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The topographic diagnosis of respiration, based on the schema in figure 1.1, presents an analysis of respiration according to the degree of utilization at each phase. Certain diagrams are more refined, distinguishing, for example, the top and bottom of the thorax. Few persons utilize these six phases all the time. To propose a relevant respiratory diagnosis, the therapist takes note of the duration and the amplitude of each phase. This analysis sometimes changes when a person is either lying down or standing, or engaged in different kinds of activities. This type of diagnostic distinguishes above all between individuals who breathe mostly with their abdomen from those who breathe mostly from the thorax. It is generally recognized that the persons who breathe only from the thorax easily become affectively labile and overstimulated. The explanations of this relationship are rarely convincing, but the correlation is sufficiently robust. Most of the approaches to respiration recommend, above all, verifying that there exists a good ventral respiration that expresses a minimum functioning of the horizontal respiration (top ^ bottom when a person is standing) of the lungs and a flexibility of the diaphragm Typically, a citizen25 has a diaphragm that is only relatively mobile, to which voice teachers will attest. These deviations from the ideal norm are not necessarily pathological. Full breathing exercises demand that a person attempt to take in and let out as much air as possible. They make it possible to evaluate the degree of adaptability of the respiratory schema to demanding situations on the organism. The therapist, for example, asks a person who breathes mostly from the abdomen what is going on when he also breathes from the thorax.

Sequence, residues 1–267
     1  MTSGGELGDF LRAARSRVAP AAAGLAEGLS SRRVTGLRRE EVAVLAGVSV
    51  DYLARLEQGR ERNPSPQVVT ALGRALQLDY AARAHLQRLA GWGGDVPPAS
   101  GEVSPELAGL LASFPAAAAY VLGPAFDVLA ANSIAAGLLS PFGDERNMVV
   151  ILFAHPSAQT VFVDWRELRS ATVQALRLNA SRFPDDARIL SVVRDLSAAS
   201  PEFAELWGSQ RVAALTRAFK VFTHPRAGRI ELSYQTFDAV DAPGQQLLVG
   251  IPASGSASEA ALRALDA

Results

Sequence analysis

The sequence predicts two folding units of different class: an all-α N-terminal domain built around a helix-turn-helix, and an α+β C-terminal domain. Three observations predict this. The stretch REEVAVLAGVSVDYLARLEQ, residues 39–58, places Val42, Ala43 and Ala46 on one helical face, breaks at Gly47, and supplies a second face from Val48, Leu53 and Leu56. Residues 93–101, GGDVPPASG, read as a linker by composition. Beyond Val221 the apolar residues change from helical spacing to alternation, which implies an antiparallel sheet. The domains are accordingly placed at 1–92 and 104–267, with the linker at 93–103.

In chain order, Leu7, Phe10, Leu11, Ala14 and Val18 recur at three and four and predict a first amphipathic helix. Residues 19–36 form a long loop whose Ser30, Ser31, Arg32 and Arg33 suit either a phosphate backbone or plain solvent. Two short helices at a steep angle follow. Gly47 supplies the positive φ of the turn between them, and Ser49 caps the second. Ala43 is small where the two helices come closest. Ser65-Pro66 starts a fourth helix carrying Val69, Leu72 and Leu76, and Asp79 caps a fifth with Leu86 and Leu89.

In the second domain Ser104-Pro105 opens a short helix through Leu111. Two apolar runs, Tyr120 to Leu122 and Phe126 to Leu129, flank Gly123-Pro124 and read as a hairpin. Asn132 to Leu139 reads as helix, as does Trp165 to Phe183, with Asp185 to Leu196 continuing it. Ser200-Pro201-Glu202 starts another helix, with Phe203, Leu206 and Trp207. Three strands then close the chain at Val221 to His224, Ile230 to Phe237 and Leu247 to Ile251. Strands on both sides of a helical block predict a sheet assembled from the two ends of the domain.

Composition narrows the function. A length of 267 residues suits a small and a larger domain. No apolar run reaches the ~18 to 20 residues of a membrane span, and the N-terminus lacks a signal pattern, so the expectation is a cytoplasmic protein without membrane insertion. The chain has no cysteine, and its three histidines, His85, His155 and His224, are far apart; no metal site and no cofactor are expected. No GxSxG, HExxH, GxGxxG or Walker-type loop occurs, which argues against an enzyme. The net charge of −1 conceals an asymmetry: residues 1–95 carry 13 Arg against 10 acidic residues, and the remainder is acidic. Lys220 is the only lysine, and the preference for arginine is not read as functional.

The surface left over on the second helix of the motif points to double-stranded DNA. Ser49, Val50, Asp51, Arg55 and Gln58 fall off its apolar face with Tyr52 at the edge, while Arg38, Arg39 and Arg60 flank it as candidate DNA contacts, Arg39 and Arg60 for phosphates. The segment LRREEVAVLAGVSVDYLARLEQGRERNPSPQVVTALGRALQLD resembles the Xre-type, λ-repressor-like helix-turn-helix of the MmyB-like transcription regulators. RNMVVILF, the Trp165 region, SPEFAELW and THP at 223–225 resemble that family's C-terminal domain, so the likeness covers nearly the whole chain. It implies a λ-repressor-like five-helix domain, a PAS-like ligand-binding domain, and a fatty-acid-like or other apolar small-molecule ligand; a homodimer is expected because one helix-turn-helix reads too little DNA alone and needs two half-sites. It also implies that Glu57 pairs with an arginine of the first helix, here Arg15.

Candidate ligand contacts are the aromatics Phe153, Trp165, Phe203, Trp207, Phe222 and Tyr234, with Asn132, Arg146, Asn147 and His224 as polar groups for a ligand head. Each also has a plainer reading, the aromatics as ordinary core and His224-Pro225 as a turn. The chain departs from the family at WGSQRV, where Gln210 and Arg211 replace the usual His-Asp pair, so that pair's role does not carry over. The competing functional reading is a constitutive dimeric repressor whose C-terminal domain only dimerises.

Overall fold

FIGURE 1.1. The moments of respiration. Phase 1: Inhalation by the ventral segment. Phase 2: Inhalation by the thoracic segment. Phase 3, Apnea I: The duration between inhalation and exhalation. Phase 4: Exhalation of the thoracic segment. Phase 5: Exhalation of the ventral segment. Phase 6, Apnea II: The duration between exhalation and inhalation.

Another important element of a topographic diagnostic is the distinction between ventral, dorsal, and lateral respiration. Respiration that is visible on the front of the body is common to everyone. Fewer people have a respiration that visibly mobilizes the back. Still fewer have a respiration that mobilizes the sides of the rib cage other than in moments of breathlessness.

Most of the body psychotherapists who work with breathing make these distinctions. Typically, the mobilization of the dorsal respiration permits the patient to regain contact with an impression of strength, whereas the mobilization of the lateral respiration can help a person experience containment and calm.

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